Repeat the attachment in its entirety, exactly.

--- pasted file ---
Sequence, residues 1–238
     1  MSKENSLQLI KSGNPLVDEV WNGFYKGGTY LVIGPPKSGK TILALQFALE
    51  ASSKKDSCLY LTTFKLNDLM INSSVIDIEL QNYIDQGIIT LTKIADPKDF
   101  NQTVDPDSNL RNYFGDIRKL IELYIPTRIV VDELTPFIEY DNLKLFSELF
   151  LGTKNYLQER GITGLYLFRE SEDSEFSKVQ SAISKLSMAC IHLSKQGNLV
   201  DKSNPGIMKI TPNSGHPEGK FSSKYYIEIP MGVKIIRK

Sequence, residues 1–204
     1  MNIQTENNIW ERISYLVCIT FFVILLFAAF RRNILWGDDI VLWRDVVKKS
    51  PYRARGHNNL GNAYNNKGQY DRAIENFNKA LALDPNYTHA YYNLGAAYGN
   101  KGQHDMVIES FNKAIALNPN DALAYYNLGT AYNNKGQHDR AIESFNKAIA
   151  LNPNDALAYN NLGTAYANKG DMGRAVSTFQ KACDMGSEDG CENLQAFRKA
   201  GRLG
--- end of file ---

Sequence, residues 1–238
     1  MSKENSLQLI KSGNPLVDEV WNGFYKGGTY LVIGPPKSGK TILALQFALE
    51  ASSKKDSCLY LTTFKLNDLM INSSVIDIEL QNYIDQGIIT LTKIADPKDF
   101  NQTVDPDSNL RNYFGDIRKL IELYIPTRIV VDELTPFIEY DNLKLFSELF
   151  LGTKNYLQER GITGLYLFRE SEDSEFSKVQ SAISKLSMAC IHLSKQGNLV
   201  DKSNPGIMKI TPNSGHPEGK FSSKYYIEIP MGVKIIRK

Sequence, residues 1–204
     1  MNIQTENNIW ERISYLVCIT FFVILLFAAF RRNILWGDDI VLWRDVVKKS
    51  PYRARGHNNL GNAYNNKGQY DRAIENFNKA LALDPNYTHA YYNLGAAYGN
   101  KGQHDMVIES FNKAIALNPN DALAYYNLGT AYNNKGQHDR AIESFNKAIA
   151  LNPNDALAYN NLGTAYANKG DMGRAVSTFQ KACDMGSEDG CENLQAFRKA
   201  GRLG